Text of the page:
HISTORY OF NEGRO CITIZENSHIP 697
profound human sympathies. He loved liberty be-
cause he loved his fellowmen without distinction of
race or class. He was so constituted, to vary a figure
of his own, that he felt a blow upon another's back as
one upon his own. He was the friend of the colored
man because he was the friend of his kind.
Mr. Johnson was an altogether different man. He
was more frequently swayed by prejudice than by rea-
son or principle. Mr. Lincoln hated slavery, as he said,
because of its monstrous injustice and inhumanity. Mr.
Johnson hated it mainly because he hated the slave-
holders. Himself a poor white and their natural cham-
pion, he had suffered in common with his class from the
injustice, the tyranny, and the arrogance of the slave-
holding aristocracy; and had been, during most of his
public life, their secret, if not their open enemy. When
the war broke out, it was perfectly natural that he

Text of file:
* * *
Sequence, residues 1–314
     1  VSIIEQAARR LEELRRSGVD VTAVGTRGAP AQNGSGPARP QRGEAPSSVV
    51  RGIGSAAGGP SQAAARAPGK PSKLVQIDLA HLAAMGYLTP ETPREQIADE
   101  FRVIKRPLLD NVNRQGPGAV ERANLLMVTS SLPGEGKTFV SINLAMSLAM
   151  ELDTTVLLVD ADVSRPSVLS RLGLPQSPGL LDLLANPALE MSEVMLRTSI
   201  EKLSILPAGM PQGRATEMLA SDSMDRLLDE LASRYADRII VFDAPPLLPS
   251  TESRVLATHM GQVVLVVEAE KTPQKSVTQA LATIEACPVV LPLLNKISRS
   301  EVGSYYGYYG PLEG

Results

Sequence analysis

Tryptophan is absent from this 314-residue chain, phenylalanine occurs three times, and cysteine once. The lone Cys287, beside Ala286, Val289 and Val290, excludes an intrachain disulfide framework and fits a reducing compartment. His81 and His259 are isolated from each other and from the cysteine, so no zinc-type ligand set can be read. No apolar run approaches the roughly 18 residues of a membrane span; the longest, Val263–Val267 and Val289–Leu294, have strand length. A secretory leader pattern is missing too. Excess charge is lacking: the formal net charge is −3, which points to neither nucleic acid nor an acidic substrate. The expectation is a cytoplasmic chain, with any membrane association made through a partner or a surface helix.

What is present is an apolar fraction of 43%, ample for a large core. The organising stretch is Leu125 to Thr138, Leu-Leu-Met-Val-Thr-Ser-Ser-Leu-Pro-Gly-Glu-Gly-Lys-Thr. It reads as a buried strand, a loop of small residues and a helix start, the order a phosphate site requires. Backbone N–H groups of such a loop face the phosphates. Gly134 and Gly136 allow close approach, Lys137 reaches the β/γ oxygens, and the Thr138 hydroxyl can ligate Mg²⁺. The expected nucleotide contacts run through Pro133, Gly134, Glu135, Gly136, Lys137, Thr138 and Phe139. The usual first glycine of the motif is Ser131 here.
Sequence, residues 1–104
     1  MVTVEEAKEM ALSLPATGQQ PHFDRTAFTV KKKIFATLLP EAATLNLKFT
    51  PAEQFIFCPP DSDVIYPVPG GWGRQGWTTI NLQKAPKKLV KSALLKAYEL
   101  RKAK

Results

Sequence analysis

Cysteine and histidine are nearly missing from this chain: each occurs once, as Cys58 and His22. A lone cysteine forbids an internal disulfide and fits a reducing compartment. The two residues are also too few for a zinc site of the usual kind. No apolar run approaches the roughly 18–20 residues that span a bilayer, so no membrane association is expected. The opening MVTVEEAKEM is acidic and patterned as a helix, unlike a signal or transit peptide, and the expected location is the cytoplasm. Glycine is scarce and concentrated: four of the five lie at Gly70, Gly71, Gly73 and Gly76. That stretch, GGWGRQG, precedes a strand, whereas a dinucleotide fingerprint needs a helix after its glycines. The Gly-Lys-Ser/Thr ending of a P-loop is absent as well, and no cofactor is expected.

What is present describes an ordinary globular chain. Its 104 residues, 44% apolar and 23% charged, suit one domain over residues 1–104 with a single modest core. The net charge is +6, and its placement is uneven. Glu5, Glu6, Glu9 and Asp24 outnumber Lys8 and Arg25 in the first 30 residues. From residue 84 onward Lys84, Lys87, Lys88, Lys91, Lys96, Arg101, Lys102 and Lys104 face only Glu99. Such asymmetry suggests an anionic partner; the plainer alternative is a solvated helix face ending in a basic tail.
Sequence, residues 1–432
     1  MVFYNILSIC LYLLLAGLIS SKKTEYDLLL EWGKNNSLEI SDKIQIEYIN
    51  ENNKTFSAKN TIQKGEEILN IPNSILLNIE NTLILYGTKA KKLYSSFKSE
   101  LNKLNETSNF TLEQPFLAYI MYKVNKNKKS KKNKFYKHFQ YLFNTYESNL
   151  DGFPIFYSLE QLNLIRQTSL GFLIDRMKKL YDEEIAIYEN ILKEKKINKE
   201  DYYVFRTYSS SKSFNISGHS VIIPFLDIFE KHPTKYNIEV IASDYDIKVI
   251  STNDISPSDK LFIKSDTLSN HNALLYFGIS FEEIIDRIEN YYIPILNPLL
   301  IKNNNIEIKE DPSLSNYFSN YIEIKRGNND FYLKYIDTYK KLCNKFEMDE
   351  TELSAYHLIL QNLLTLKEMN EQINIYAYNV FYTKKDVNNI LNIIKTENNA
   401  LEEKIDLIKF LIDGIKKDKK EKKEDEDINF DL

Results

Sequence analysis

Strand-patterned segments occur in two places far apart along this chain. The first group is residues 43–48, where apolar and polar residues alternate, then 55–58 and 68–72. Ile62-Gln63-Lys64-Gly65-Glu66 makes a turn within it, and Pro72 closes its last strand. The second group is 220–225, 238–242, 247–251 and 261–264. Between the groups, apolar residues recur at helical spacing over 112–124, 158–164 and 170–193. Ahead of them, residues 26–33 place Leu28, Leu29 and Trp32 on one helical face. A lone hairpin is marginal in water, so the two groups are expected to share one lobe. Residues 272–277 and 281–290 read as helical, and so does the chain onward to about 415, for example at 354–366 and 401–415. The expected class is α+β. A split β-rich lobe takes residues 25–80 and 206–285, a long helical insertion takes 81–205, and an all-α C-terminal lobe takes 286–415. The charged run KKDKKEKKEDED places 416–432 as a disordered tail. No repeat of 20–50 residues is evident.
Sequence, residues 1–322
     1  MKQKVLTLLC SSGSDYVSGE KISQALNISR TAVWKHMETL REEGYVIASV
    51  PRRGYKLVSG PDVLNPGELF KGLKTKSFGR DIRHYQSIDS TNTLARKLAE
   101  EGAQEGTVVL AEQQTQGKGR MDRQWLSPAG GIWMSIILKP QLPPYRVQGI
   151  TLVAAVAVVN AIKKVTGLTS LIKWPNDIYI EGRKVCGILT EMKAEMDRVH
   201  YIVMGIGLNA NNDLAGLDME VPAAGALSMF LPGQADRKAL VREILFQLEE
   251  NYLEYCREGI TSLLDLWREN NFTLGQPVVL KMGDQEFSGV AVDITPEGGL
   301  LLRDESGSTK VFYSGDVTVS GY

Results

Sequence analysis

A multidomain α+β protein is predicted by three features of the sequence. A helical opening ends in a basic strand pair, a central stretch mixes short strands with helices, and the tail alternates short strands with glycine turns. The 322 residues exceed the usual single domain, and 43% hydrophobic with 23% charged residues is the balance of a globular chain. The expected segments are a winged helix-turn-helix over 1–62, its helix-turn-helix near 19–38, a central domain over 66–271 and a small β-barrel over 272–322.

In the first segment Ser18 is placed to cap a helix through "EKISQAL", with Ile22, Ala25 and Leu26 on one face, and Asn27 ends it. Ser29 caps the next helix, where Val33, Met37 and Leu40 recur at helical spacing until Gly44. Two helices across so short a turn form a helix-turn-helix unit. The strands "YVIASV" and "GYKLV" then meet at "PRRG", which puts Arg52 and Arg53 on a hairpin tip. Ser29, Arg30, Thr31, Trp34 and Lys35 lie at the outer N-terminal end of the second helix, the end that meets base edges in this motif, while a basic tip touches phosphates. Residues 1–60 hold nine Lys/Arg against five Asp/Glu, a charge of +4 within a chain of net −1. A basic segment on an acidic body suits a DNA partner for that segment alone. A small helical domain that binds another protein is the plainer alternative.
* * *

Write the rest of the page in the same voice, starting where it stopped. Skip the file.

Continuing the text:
should take the side of the union, for it enabled him to
continue the old fight against the old foes. He opposed
disunion, not because of its folly, but largely because
he had a personal antipathy against its authors. He
was not an abolitionist: in fact he probably had less sym-
pathy with the abolition party than with the slave-
holders. Like people of his stamp everywhere, he re-
paid the scorn with which those above him treated him
by heaping scorn upon those below him.
Hence it is easy to see how Mr. Lincoln's policy in
the hands of Mr. Johnson, so far as it concerned the
freedmen, would assume an altogether different charac-
ter and produce altogether different results.
In his plan of reconstruction Mr. Lincoln had pur-
posely offered liberal terms, but had distinctly and ex-
pressly reserved to himself the right to change or mod-
ify them as circumstances should require.
In regard to the condition of the race whom he had
freed, he magnanimously appealed to the wisdom and
the honor of Southern statesmen. With his usual cau-
tion and sagacity, he chose this method to test the tem-